It’s about the transformation from man to myth. How Batman will become a creature of the night who will strike fear into the Gotham Underworld. It explores in depth what makes both Batman and Gordon tick and how that friendship came to be. How they are both fighting for that same peace, in their own ways.
Miller’s writing has never been better. Mazzucchelli’s art is superlative.
Quite simply put, a Masterpiece.
Available in single issues and collected editions – Trade Paperback, Hardcover and Absolute Edition.
Batman – The Court of Owls
(writer) Scott Snyder
(artist) Greg Capullo
(inker) Jonathan Glapion
(colours) FCO Plascencia
And so, to the New 52.
The New 52 was a 2011 revamp and relaunch by DC Comics of its entire line of ongoing monthly superhero comic books. Following the conclusion of the ‘Flashpoint’ storyline, DC cancelled all of its existing titles and debuted 52 new series in September of that year with brand new #1’s. This even extended to Action Comics and Detective Comics, which had retained their original numbering since their introduction in the 1930s.
The goal of the New 52 was simple. Bring all their long-established characters back to basics. Essentially ignore decades of established continuity and wipe the slate clean. It was designed to attract new readers who would have been put off by going into a comic store and told that issue #712 was the start of a new storyline. To say it was controversial would be an understatement, but it was a sales success in the beginning. Though over time, readers yearned for that continuity from before the New 52 launched, something DC would address when the New 52 ended and Rebirth began. But that’s a story for later….
Without a doubt, the crown jewel of the New 52 lineup was Batman. Scott Snyder had just come off a critically acclaimed run on Detective Comics, with his ‘The Black Mirror’ storyline and was given the keys to the main title. He would be joined by industry veteran Greg Capullo, best known for runs on indie titles such as Spawn and Haunt.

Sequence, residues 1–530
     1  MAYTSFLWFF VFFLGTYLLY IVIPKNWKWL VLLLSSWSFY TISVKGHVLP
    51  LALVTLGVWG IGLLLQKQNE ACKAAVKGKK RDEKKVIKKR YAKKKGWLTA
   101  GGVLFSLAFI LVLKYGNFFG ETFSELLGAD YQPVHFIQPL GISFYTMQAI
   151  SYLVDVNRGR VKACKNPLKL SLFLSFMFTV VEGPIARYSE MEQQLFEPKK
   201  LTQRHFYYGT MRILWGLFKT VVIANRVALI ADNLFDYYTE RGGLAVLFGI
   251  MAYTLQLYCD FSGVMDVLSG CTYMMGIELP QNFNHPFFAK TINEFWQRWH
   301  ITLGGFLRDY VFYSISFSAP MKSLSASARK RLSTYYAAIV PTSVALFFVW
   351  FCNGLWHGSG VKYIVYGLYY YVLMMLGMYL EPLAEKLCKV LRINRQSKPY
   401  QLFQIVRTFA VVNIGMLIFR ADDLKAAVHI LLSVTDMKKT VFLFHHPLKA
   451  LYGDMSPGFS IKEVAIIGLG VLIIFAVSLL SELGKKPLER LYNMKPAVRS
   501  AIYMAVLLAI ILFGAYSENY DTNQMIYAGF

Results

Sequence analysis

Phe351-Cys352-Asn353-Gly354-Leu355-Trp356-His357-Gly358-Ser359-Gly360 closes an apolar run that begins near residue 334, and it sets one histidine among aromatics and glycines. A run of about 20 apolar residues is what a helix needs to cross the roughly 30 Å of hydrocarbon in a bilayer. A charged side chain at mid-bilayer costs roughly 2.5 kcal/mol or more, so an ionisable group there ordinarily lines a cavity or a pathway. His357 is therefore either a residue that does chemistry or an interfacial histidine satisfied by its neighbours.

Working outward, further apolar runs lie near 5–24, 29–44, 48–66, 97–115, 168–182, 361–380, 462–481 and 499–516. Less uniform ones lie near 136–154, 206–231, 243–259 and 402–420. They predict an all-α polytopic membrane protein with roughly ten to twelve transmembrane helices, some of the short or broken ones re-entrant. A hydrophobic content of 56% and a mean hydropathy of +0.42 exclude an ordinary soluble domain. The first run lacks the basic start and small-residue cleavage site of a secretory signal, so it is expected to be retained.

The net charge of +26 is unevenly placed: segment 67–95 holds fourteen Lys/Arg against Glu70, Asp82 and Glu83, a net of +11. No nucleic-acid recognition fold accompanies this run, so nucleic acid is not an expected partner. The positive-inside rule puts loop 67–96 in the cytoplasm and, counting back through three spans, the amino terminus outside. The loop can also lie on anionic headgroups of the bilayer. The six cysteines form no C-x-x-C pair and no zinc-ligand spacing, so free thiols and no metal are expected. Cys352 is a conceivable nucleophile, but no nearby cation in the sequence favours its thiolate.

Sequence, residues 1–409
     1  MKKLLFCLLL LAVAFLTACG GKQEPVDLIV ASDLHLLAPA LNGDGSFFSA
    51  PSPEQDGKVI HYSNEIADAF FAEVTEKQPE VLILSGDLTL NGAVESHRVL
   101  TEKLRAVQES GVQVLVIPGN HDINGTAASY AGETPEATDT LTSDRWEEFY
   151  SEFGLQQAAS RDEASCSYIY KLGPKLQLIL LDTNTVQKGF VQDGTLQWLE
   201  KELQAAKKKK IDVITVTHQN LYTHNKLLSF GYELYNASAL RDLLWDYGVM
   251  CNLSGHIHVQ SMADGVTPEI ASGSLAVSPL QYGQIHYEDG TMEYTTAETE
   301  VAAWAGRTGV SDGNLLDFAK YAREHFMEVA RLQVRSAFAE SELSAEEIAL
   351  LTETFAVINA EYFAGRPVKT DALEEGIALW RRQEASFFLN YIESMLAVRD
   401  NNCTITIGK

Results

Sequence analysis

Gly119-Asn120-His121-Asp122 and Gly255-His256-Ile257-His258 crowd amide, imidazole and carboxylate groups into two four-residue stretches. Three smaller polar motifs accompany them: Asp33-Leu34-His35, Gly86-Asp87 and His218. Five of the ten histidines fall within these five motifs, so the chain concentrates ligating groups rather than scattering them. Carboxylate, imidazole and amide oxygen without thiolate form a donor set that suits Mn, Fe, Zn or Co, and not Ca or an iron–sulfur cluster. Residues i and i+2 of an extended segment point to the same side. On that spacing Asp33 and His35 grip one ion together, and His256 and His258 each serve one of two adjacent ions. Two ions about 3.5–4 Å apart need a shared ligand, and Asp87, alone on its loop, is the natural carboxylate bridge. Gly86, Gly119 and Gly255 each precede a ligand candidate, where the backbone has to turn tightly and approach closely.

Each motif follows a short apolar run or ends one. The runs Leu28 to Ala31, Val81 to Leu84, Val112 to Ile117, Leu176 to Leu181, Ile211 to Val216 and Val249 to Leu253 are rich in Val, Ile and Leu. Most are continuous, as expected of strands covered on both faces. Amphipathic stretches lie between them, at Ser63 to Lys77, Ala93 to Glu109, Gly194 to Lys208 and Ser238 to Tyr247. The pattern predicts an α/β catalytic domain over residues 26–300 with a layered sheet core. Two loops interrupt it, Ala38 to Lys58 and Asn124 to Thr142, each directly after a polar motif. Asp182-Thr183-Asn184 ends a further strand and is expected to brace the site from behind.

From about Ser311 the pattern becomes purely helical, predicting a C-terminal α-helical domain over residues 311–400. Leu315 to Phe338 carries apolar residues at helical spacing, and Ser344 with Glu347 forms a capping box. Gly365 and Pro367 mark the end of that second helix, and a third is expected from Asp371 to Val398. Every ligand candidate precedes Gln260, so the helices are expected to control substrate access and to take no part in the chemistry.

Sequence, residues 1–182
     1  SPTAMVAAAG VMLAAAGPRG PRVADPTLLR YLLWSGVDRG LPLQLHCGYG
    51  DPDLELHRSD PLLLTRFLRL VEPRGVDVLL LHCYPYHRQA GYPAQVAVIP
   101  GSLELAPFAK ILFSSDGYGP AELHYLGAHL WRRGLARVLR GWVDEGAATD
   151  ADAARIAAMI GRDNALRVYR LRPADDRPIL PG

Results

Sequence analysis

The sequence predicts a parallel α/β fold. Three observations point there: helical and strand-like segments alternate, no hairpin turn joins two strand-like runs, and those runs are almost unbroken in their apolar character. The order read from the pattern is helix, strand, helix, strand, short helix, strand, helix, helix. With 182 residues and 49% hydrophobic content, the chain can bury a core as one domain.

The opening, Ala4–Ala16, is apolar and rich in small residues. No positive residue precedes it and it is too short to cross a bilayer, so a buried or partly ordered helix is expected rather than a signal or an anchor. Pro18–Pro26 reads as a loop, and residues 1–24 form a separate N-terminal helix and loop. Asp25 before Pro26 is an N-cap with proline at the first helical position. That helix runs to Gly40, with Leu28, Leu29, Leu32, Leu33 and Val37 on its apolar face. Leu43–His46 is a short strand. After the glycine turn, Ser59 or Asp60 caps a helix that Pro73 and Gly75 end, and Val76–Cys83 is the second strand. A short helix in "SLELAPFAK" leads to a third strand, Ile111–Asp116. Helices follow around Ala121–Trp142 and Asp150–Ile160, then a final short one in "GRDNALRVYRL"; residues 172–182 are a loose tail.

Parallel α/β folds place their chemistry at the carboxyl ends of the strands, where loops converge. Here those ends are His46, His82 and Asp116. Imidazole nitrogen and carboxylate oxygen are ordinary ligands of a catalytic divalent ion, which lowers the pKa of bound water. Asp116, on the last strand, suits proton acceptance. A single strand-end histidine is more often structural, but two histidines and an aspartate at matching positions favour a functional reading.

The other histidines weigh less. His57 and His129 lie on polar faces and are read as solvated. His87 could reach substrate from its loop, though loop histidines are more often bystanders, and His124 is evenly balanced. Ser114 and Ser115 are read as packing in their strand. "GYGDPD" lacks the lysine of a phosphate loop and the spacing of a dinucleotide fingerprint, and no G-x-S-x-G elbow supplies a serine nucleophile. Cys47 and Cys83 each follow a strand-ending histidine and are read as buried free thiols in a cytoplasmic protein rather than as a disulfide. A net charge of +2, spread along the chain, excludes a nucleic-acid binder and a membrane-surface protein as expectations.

And together, they made absolute magic – The Court of Owls, which ran from #1 – #7.
It’s no surprise that this title should show up here, as it’s primary goal was to attract new readers. Snyder was very clever here as he constructed a brand new cabal of villains, The Court of Owls. A secret society who had been secretly pulling the strings in Gotham for over a Century. They existed only in stories designed to scare children, and no-one, not even Batman, believed they were real.
Suffice to say, he gets his wake up call.
This was such a clever move as it didn’t matter whether you were a seasoned reader, or this was your first comic book, you knew the same amount about these characters. In fact, because Batman does not initially believe in their existence, you as the reader are learning about them at the same time he is.
The Court of Owls introduces a confident Batman. He has the Bat Family around him, he knows every inch of his city (or so he thinks), and he has a grand plan for rebuilding Gotham, using his vast resources. So this is as much a Bruce Wayne story, as it is a Batman one.
This is also a Batman who is a Master Detective. Some Batman stories get wrapped up in the idea of Batman as a Superhero who hangs out with the Justice League and can assist in staving off interplanetary threats. This Batman is simply concerned with Gotham, and trying to keep the peace in the streets. This is very much street level Batman, and for us, this is when the character is at his best. That’s not to say that Batman can’t thrive in those other stories, not at all. It’s just this reviewers opinion that he’s at his best when he’s solving crimes that have the GCPD stumped, and is fighting off threats from his varied Rogues Gallery.
I can’t recommend Court of Owls highly enough. It is intelligent, thrilling and very suspenseful. Capullo and Snyder pull off inventive action sequences, and interesting tech to aid Batman that only someone with his knowledge and resources could both think of, and fund.